Moving towards 100% soy-free diets

03-11 | |
Photo: Kuppa_Rock
Photo: Kuppa_Rock

Overcoming the cost and performance limitations of fully replacing soybean meal with sustainable alternative ingredients is a major challenge. Initial insights from a new proof of concept study offer a positive way forward.

Environmental concern around land use and land use change (LULUC), as well as high CO2 emissions linked to long distance transport of soybean meal is driving interest in sustainable alternatives. But although partial replacement with ingredients such as rapeseed and sunflower seed meal has had some reported success, producers have not been able to adopt soy-free feed formulations due to reduced animal performance and a significant increase in costs.

The reduced animal performance can be attributed to higher fibre content, lower amino acid digestibility, and antinutritional factors associated with many of the alternative ingredients. These factors are known to have the potential to reduce nutrient digestion, cause the overgrowth of the microbiota (particularly pathogenic bacteria), and damage animal health.

Yet, demand is gathering pace. In north west Europe, for example, we see a small but growing trend towards soy-free feed formulations. And almost all producers are looking to increase the amount of byproducts and reduce the amount of soy in their broiler diets. Addressing the current limitations and developing effective feed strategies, supported by robust research, is therefore vital for the industry to realise this ambition.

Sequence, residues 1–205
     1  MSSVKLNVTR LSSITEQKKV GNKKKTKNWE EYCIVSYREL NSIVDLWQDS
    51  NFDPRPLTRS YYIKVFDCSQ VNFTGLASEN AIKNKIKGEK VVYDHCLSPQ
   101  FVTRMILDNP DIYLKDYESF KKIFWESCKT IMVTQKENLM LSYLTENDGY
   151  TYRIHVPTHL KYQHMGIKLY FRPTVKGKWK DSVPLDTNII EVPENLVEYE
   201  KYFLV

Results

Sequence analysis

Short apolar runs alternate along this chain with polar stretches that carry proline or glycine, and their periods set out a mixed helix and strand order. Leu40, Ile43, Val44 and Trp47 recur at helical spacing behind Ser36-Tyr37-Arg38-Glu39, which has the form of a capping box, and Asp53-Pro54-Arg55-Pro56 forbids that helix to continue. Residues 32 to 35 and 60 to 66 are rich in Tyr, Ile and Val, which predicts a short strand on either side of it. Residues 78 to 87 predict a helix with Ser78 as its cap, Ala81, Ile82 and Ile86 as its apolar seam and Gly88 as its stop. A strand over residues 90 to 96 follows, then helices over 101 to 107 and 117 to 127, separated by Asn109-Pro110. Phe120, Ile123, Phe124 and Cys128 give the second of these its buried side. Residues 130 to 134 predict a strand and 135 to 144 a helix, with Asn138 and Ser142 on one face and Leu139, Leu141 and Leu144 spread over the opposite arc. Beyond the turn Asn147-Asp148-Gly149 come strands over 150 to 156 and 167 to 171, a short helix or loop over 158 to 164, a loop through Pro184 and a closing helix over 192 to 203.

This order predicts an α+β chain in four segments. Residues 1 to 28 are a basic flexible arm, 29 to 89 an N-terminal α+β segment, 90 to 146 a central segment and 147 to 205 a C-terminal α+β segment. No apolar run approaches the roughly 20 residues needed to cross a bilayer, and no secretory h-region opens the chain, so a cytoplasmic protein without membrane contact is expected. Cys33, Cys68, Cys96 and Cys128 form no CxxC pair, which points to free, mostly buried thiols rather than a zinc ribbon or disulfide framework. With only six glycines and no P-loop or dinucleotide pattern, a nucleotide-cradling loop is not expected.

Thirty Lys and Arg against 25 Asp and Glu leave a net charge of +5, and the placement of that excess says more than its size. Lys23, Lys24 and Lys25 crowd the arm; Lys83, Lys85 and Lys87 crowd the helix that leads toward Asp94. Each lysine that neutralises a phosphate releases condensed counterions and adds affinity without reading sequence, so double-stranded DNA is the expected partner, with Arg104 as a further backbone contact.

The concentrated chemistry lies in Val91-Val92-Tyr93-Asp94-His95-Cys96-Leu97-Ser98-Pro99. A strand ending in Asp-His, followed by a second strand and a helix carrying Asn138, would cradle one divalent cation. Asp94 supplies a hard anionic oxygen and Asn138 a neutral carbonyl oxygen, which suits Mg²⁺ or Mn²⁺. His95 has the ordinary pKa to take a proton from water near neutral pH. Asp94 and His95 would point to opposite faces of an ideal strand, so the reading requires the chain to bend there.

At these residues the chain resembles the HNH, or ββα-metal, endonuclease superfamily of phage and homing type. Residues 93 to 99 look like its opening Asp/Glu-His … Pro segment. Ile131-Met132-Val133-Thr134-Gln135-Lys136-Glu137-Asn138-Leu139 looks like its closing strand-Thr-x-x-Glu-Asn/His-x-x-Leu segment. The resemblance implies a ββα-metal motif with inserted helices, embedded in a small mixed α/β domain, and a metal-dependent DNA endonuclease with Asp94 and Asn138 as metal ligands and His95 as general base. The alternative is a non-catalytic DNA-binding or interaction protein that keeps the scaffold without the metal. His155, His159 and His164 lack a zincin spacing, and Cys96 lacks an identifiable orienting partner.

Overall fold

Study aims and method

A study was sought to investigate potential feed solutions by answering four fundamental questions:

  • Is it possible to maintain performance – as defined by breeder objectives – using only alternative protein ingredients?

  • Will enzymes help to improve the performance of broilers fed SBM-free diets?

  • What is the best enzyme/feed additive strategy to achieve the best performance?

  • Is it possible to achieve economic equivalence for 100% soy-free diets?

Danisco Animal Nutrition & Health worked on the premise that specific enzymes and feed additives could be used to mitigate the known negative effects of alternative ingredients. This assumption was based on existing scientific research carried out over many years in commercial settings. Drawing on this data the following approach was identified:

  • Phytase was added in all treatments (at the same dose level) to reduce the antinutritional effect of phytate and improve amino acid (AA) and energy digestibility

  • Xylanase and beta-glucanase to improve non-starch polysaccharides (NSP) and fibre digestion

  • Protease to increase AA digestion

  • Betaine or probiotics (in addition to the enzymes) to improve gut health.

In the study, a total of 2,574 Ross 308 male broilers, with 22 birds x 13 floor pens per dietary treatment were used. Nine treatments were developed in total; 1 commercially-relevant SBM-based diet (control) and 8 alternative diets formulated without SBM and soy oil.